The Art of Conversation

Christopher Morley's "What Men Live By" – A Lost Essay Essays / Random Wanderings of Mind and Body (formerly Lost Essays)

A timeless examination of how to be heard.  — Support this podcast: https://anchor.fm/michael-hill31/support
  1. Christopher Morley's "What Men Live By" – A Lost Essay
  2. Francis Bacon's "Of Riches" Episode Eleven
  3. Woodrow Wilson's "A New Freedom" episode ten
  4. Theodore Roosevelt's "The Strenuous Life" – Episode Nine
  5. Nikolai Gogol's "Diary Of A Madman" – Episode Eight

Why do we need to know why?

Usually, I hide my thoughts behind satire and humor – an attempt to disguise my jabs and punches directed toward the powers which drive public opinion and emotional response to a tragedy. But, today, I will write connected. 

Today, I will write with personal knowledge. 

Who is responsible for our children in school?

What are these individuals’ responsibilities?

How should these individuals be disciplined when they have failed at protecting the children?

After a tragedy, the question is always – why?

Why did this happen? A question that forces the mind into lamenting. A state of mind that does not work towards answers but dwells tirelessly on unanswerable questions and placates emotions. 

The question of why reduces the emotional response and slowly allows the impact of the incident to fade.  

Why? – a time-wasting question? Why? – is a pointless pursuit. Why? – is meaningless to prevent future tragedy. 

How? – is the correct question. 

How did this tragedy happen? 

Objective answers are born from how questions. Objective answers create definitive solutions. Definitive solutions correct the error and solve problems. 

Therefore, answers to “how” questions make “why” questions disappear. 

Why do we fear “how” questions?

Often, ” how ” questions do not shift blame, whereas “why” questions allow individuals to find fault in others.

“Why”- questions lead to blame games. These subjective solutions arrive on the scene eager to produce division and are often labeled “political .” Moreover, “why” is elastic and malleable. Easily manipulable in the hands of cultural, political, or dogmatic forces.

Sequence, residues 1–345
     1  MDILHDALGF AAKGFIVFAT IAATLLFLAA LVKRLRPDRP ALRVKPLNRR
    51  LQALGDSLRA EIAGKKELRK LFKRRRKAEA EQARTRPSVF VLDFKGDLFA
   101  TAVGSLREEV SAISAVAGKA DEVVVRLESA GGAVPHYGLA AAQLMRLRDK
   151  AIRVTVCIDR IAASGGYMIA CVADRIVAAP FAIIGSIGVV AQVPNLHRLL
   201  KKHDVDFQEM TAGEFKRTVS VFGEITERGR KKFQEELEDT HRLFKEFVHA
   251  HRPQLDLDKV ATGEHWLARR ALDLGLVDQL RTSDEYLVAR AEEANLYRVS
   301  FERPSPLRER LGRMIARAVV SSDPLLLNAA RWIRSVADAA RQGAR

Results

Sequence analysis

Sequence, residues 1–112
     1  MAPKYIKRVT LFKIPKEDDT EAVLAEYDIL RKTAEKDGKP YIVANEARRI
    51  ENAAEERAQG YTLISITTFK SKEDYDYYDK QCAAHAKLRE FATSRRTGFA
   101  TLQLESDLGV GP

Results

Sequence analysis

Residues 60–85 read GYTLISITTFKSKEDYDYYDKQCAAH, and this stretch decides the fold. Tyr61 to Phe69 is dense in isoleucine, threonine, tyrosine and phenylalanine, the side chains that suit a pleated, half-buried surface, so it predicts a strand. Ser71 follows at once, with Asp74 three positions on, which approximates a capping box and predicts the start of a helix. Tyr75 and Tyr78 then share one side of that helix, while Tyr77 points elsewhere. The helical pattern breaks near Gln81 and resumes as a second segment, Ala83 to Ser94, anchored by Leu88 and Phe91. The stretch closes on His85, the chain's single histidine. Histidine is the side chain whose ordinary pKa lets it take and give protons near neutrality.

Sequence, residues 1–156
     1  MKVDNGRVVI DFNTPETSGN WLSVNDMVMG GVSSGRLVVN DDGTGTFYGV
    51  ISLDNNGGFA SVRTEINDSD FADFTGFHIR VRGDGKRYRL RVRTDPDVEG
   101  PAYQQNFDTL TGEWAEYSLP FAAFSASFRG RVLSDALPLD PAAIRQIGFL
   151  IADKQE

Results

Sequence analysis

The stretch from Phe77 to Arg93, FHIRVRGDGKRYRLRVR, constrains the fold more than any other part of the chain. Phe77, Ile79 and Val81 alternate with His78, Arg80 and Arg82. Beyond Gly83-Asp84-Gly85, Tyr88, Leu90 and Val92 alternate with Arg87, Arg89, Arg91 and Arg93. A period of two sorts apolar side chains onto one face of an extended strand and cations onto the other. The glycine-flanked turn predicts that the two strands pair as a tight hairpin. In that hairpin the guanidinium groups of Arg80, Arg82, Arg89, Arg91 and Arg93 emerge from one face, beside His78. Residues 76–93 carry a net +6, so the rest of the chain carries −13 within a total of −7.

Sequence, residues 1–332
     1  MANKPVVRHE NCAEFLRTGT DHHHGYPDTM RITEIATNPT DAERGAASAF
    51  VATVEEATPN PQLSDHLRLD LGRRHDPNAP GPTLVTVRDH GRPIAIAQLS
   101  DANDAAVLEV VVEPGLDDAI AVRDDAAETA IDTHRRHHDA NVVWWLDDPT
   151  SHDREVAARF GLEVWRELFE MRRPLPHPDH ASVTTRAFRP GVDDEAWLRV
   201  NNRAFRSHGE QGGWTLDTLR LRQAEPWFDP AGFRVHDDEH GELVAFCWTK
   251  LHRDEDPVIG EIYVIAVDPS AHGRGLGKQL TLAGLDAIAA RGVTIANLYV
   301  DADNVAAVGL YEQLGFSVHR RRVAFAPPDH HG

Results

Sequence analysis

“How” questions do not bend.

How did the individual enter the building? Through an unlocked door? Was the do supposed to be unlocked? Whose responsibility was it to lock the door? Easy questions with simple answers. Answers can create responses that will limit tragedy. 

So much more straightforward than “why.”

Maybe if we focus on the “How,” the “why” will not be asked someday. 

Just as a bartender is responsible for the actions of an over-served patron,  an administrator is responsible for students’ behaviors. 

Let’s, for a moment, return to the “why” question. Why did an individual do such a horrific act? 

Again, an asinine question. 

“How” did the individual arrive at such a state of mind?  

The “how” question could produce accurate answers. 

I challenge the schools and administrators to look at the disregarded discipline referrals or the redirected cries from teachers. What will be found are the answers to why these tragedies happen. Will we see a progression of discipline referrals that sat in administrator inboxes? Will, we will find a multitude of instances of threats and bullying. Will, we will discover administrators whose responses to teachers are “have you called the parent?”. Will, we will find crumbling builds with broken locks and lackadaisical School Resource Officers. Will we find days-upon days of in-school suspensions for children and young adults with mental illnesses?